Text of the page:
';
×
× Digital News Videos Opinions Cartoons Education U-Report E-Paper Lifestyle & Entertainment Nairobian SDE Eve Woman Travelog TV Stations KTN Home KTN News BTV KTN Farmers TV Radio Stations Radio Maisha Spice FM Vybez Radio Enterprise VAS E-Learning Digger Classified The Standard Group Corporate Contact Us Rate Card Vacancies DCX O.M Portal Corporate Email RMS
×

Mr Elias Too gives his views during a BBI regional meeting at Uasin Gishu County Social Hall in Eldoret last week. [Kevin Tunoi, Standard]

Politics
The team will also confront some contentious proposals made during regional BBI meetings, but which proved divisive in the past.

The Building Bridges Initiative (BBI) steering committee will have to navigate through a rough terrain as it considers some of the issues that have divided the country in the past, even as it seeks to give recommendations with a national appeal.

The team, led by Garissa Senator Yusuf Haji, will be looking to present a document that not only unifies the country, but also addresses what has been ailing it for decades now. 

The team will also confront some contentious proposals made during regional BBI meetings, but which proved divisive in the past.

The regional meetings presented a platform for leaders to reintroduce proposals that have kept recurring but which, for the sake of the unity of the country, have been left out.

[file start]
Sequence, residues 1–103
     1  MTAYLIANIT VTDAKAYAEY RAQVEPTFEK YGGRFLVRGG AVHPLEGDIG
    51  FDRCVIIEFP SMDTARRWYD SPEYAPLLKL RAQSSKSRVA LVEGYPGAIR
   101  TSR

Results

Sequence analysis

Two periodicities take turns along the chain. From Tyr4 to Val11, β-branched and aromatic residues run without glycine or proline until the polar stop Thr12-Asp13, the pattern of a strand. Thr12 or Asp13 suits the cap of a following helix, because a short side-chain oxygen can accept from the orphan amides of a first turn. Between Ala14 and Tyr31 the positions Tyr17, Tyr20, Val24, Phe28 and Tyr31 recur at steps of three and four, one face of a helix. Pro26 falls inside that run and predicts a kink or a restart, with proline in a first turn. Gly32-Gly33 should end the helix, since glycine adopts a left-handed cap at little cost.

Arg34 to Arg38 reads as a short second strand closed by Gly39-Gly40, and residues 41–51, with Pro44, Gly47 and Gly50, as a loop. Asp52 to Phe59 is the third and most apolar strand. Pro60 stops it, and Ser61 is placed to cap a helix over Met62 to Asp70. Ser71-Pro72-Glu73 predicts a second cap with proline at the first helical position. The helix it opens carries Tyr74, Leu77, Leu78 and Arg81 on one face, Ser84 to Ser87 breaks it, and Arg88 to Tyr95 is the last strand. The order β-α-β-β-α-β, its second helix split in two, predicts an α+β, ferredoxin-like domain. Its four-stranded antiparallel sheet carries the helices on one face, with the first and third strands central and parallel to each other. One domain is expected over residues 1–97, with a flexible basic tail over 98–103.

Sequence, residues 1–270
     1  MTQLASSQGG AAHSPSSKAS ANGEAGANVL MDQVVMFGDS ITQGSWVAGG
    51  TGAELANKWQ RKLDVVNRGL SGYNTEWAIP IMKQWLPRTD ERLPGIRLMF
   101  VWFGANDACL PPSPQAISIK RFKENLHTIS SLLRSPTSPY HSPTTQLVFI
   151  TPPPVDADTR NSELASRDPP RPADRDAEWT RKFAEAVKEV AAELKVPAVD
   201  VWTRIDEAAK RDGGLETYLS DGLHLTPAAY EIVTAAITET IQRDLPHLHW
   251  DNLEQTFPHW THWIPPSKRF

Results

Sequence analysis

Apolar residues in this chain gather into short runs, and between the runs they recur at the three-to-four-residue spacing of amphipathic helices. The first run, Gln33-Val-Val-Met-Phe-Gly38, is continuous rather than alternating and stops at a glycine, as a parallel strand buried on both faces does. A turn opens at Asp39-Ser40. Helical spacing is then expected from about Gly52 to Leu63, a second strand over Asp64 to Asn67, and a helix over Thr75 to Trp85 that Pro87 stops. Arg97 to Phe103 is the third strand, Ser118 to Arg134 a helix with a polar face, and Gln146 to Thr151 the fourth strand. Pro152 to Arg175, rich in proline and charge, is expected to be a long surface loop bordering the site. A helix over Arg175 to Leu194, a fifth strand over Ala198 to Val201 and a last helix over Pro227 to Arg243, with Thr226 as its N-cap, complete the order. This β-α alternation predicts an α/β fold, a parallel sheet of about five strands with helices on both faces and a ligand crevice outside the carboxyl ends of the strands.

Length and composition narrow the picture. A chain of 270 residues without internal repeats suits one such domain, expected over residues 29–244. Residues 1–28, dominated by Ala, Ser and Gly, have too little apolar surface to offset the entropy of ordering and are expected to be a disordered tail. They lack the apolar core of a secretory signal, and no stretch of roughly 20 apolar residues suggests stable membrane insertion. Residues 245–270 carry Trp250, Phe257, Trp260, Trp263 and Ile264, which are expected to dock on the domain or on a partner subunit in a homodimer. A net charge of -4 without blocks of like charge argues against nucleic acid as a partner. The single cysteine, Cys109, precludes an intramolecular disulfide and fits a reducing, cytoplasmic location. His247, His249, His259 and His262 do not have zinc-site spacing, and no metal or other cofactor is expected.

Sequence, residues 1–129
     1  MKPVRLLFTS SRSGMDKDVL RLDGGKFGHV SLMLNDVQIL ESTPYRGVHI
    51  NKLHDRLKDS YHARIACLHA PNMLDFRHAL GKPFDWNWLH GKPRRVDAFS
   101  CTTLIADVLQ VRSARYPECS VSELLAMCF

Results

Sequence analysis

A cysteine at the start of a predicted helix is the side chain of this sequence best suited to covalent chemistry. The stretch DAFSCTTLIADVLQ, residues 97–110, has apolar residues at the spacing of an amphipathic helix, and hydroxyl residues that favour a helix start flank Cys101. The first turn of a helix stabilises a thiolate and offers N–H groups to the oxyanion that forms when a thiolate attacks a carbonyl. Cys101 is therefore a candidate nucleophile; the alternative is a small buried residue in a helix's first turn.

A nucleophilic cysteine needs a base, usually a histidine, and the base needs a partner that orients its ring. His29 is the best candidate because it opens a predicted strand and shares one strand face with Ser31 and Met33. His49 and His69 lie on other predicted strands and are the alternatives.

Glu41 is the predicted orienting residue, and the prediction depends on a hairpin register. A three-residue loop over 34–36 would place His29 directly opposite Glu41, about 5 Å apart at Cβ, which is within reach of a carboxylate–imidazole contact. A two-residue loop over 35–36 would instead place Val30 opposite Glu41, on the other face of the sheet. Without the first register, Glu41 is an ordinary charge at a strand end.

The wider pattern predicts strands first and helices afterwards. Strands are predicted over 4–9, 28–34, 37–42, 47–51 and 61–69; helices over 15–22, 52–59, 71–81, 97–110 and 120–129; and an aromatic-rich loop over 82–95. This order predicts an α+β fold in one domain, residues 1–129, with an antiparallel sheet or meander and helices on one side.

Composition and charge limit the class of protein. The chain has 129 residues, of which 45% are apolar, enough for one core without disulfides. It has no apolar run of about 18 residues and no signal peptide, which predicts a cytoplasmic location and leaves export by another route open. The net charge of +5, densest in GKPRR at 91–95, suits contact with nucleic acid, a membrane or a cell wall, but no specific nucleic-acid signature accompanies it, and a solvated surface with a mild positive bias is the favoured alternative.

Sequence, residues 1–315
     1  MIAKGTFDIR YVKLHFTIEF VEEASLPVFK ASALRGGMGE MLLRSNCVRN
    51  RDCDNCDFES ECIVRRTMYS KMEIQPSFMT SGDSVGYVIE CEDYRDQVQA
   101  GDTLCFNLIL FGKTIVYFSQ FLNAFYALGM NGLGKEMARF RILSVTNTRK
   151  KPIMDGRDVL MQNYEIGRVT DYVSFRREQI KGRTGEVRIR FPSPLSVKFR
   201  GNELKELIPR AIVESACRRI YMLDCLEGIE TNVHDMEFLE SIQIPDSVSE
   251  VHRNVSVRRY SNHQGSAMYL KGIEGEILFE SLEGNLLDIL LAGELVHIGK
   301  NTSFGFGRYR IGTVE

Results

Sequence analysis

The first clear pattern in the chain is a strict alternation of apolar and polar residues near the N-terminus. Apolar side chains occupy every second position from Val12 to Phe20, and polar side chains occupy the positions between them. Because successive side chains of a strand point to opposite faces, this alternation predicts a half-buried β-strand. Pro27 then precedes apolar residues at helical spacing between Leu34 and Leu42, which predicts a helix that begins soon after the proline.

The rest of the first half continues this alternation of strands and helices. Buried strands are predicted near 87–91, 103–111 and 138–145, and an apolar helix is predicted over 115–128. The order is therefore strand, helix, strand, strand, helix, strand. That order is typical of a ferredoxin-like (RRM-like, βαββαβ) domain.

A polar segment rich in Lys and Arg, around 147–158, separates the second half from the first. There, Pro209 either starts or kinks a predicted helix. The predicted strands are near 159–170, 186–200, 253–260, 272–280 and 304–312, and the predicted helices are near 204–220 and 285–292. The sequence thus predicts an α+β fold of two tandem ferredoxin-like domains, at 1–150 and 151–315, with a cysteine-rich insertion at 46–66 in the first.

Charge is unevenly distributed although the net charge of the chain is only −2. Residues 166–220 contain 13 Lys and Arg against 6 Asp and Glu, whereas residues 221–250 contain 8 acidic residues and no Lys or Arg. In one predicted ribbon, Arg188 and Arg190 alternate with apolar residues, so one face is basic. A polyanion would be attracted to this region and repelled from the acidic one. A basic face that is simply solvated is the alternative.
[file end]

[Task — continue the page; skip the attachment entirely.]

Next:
SEE ALSO: KCAA: Weston colluded with firms to grab land

Even though BBI has been touted as the avenue through which issues that have divided Kenyans will be addressed, some of the utterances during the regional meetings have only served to divide the country more, especially those viewed as opening old wounds.

Going by some of the proposals made at the meetings, where leaders gave memoranda to the BBI team, it will be interesting to see how the steering committee will handle some of the most contentious issues raised without spoiling the mood of the handshake between President Uhuru Kenyatta and ODM leader Raila Odinga.

Makueni Senator Mutula Kilonzo Jnr said while the BBI process is yet to attract any rebellion, it is likely to start attracting opposition after the committee has condensed the views collected from Kenyans. Some of these views are likely to be formulated into bills for legislation or lead to a referendum to amend the Constitution.

“It is too early for these divisions to emerge. This may begin to happen once we have the draft after considering proposals and views presented to the team by leaders from various regions. That is when the process will attract rebellion. I am not sure how the committee members will navigate the contentious issues presented to them,” said Kilonzo Jnr.

Leaders from the Coast region re-ignited their call for creation of regional governments popularly knows as majimbo. It is a topic that has sharply divided Kenyans during the clamour for reforms that led to the 2010 Constitution. It was one of the points of departure between the “banana” and “orange” teams in the run-up to the 2005 referendum that the government lost.

SEE ALSO: We don’t want to play ‘reggae’ for bruised country, says Raila

While the orange team led by Raila pushed for majimbo, arguing they would give each region an opportunity and resources to take care of their interests, retired President Mwai Kibaki’s 'banana' team opposed the proposal, saying it would divide the country.

Although the proposal failed to find space in the 2010 Constitution, which created the 47 county governments instead, the Coast leaders have re-started its push to have the regional governments. It was one of their key resolutions presented during a BBI meeting in Mombasa.